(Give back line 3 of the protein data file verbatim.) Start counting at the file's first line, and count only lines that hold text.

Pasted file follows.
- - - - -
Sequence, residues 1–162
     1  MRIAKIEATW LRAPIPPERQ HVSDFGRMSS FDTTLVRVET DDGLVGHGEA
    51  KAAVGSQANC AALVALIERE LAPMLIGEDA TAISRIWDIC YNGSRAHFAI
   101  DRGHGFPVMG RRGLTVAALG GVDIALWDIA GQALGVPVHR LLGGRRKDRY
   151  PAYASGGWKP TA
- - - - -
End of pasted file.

    51  KAAVGSQANC AALVALIERE LAPMLIGEDA TAISRIWDIC YNGSRAHFAI